Now that the photography portion of my project, The Black and White Forest, is done all I have to do is sift through the thousands of images to find a few that are worthy of being the Chosen Ones.
I hate this part. Stanley Kubrick once called the process of making a film a “slog” and at this point in any project I know what he meant. The first cut is easy—just delete anything that is obviously worthless: The times I dropped the camera, had the focus on manual when you thought it was on auto, the times I wanted the flash to fire but it didn’t, the times I thought the camera was malfunctioning and so I shot twenty images of my feet standing n the Mojave sand.
I can sort of bang away here, going quite quickly (because the rejects are so obvious) but I still need to pay attention—and do this task only with software that has some sort of undo or recovery function in case I delete something by accident. Every once in a while a “bad” photo will show great promise, some new idea stumbled upon. Sometimes that very photograph is a candidate for the final selection and sometimes it points the way toward something new. A lot of good things happen when you pay attention.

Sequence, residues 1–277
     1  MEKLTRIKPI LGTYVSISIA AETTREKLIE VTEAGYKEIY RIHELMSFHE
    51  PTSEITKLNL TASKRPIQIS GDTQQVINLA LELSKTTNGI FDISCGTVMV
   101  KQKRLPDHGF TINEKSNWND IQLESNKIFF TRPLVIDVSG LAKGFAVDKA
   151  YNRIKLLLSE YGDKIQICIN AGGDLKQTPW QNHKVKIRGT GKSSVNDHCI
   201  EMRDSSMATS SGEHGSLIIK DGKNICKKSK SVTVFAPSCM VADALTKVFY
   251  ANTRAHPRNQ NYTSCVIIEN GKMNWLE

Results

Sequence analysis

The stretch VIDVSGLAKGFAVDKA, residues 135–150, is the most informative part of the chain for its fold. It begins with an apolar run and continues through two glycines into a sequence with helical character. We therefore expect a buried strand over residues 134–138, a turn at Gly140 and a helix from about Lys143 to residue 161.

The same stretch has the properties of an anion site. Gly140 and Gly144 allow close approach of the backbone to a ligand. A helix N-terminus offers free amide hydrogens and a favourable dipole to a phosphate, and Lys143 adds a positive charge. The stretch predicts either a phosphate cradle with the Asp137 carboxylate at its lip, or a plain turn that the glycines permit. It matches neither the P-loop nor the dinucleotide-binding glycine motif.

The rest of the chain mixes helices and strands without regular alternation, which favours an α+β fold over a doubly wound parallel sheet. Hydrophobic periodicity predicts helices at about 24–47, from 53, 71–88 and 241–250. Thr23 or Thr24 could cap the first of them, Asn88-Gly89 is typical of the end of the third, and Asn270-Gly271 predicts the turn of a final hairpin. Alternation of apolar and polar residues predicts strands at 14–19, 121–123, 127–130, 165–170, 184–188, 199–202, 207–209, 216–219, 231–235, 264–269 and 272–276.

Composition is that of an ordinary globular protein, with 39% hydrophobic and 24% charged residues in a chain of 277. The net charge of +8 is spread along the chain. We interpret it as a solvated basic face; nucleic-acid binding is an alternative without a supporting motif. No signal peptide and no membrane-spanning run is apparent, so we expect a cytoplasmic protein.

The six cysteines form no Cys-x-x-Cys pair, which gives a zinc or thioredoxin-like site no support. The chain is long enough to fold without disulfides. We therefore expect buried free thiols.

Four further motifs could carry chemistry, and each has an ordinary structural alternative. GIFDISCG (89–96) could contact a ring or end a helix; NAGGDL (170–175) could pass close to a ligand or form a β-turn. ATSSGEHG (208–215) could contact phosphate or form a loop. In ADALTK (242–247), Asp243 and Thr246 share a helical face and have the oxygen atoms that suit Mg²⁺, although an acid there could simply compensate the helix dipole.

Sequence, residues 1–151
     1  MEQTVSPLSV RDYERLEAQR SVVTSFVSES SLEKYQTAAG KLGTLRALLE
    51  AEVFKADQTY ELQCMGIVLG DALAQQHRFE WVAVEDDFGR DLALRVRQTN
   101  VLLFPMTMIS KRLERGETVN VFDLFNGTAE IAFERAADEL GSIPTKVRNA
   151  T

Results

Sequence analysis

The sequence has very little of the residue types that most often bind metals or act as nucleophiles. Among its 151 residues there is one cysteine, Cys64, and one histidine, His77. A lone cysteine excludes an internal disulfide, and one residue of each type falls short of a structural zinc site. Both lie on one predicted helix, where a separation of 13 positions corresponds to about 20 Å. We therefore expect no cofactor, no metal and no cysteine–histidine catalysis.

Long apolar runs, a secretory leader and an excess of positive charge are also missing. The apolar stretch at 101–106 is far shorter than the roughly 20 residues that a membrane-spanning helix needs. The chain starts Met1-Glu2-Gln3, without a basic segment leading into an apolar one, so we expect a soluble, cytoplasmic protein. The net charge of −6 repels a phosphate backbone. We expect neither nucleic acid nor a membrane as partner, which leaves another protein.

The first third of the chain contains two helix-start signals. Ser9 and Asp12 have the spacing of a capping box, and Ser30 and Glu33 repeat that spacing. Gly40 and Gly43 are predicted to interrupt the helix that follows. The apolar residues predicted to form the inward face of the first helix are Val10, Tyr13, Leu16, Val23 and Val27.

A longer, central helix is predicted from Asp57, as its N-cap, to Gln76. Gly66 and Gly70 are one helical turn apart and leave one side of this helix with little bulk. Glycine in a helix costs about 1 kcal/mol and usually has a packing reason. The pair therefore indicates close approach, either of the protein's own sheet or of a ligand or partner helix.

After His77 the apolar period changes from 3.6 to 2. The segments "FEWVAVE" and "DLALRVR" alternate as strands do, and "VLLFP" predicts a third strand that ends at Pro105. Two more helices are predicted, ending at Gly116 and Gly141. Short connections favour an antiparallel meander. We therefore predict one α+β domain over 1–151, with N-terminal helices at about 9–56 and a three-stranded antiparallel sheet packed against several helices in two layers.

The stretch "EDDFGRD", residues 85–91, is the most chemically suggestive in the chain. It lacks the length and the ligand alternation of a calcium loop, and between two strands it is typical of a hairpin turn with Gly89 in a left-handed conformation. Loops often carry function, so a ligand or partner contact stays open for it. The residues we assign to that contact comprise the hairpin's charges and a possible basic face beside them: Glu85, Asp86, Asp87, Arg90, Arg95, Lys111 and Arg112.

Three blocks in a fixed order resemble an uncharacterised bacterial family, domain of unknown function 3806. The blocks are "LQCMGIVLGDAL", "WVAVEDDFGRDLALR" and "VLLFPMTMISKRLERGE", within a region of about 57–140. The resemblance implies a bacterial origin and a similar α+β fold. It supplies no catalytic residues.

After this initial cull I cut and cut, and the process gets slower with each pass and the remaining images get closer and closer to what I want. Eventually, I’ll try a “test run” and will pull from the pool all of the images that I think are the best, the ones I don’t need to think about, and I will see how many I have—enough for a project?—and how they all work together.
If I want, say, one hundred and twenty final images, I aim to select those but to also leave a large number of other candidates in the pool. This allows me flexibility so that I can modify and reshape the project a bit as I work on it, not letting it get too fragile too early.
And that’s where I’m trying to get now. Out of the thousands of images made for The Black and White Forest I’m down to just over six hundred. Here they are, all of them, sort of like a video contact sheet, flickering by at a speed probably too fast to seriously consider but slow enough to give you a sense of the project.
The video is about a minute and a half in duration.